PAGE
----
It’s almost been a year since COVID-19 changed everything for all of us. Now that we’re technically in lockdown here in the UK, I find myself in a strange limbo where things are still happening but not really; reminiscing about how things were in the past and hoping for normalcy to return soon.
Waiting is difficult (for me at least). It’s so easy to grow restless whenever God puts aspects of our lives on hold and asks us to relinquish control over things we value like our studies, extracurriculars, future careers, and relationships with people. In such situations, I often find myself pressing God for an answer as to how long He wants me to wait and why. Yet, as much as I pray, groan, and cry, it can sometimes feel as if I cannot see him anywhere around me – this was exactly what Job felt (Job 23:3, 8-9). The silence is disconcerting and I find myself trying to suppress the fear that God might not fulfil my desires or that He won’t come through for me.
However, I take comfort in the fact that God acts for those ‘who wait for him’ (Isaiah 64:4). Crucially, we are called to be patient in our waiting. Patience is not the same as waiting, because while waiting is something we do, patience is something we offer – we wait because we must, but patience is our gift to our Father while we wait. Patience is the declaration that we love God and trust in His heart; that He has our best interests at heart, and that he will never short-change us even as we wait. In fact, patience looks a lot like perseverance (James 5:7-11), particularly since Paul tells us to ‘be patient in affliction’ (Romans 12:12). He also reminds us that patience, as the fruit of the spirit, is proof that we belong to Christ; it is nurtured in our love for God.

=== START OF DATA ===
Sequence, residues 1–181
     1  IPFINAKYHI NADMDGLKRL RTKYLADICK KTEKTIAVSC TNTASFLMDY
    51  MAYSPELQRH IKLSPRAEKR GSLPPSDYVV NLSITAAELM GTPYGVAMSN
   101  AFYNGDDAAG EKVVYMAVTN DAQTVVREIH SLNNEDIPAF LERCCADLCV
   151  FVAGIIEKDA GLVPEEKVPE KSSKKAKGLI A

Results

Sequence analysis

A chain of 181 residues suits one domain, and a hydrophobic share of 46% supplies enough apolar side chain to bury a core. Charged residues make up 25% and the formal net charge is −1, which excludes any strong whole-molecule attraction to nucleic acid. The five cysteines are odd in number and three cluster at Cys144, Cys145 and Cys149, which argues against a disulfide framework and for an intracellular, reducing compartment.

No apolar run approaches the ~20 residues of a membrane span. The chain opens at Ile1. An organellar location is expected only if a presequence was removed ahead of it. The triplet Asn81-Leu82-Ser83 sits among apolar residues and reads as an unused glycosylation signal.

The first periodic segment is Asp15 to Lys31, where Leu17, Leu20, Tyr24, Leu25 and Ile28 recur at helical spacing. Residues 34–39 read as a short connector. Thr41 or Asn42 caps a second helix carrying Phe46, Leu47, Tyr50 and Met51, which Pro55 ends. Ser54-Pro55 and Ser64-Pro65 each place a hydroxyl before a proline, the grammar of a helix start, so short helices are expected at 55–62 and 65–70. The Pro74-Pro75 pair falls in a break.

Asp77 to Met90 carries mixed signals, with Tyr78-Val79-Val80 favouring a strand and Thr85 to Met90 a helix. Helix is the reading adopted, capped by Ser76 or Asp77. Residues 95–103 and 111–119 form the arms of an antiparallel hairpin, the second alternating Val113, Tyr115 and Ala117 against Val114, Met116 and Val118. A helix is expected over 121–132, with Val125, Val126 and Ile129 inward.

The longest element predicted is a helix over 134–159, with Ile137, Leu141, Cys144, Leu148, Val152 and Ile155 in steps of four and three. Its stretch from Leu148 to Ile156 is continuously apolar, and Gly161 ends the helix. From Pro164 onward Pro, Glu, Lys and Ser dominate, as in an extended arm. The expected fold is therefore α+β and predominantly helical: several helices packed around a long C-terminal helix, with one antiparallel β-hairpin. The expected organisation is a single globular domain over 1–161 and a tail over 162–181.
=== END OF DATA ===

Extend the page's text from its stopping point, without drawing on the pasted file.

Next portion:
Patience is a beautiful way to live out our love for God, not least because real love is patient (1 Corinthians 13:4). Practically, we can love God through our patience when we faithfully persevere through the less-than-exciting work/routine we are put through, or quietly accept God’s plan for our future even when it differs from our dreams. In other words, patience demonstrates our love for God and our trust that His plan is worth waiting for.
May we continue to offer our Father a calm heart and repent of our agitation at his seeming silence. I pray that we all choose to believe what God tells us about Himself, finding security in the knowledge that truly He does see, He does know, He does care, and He is at work, despite how things appear.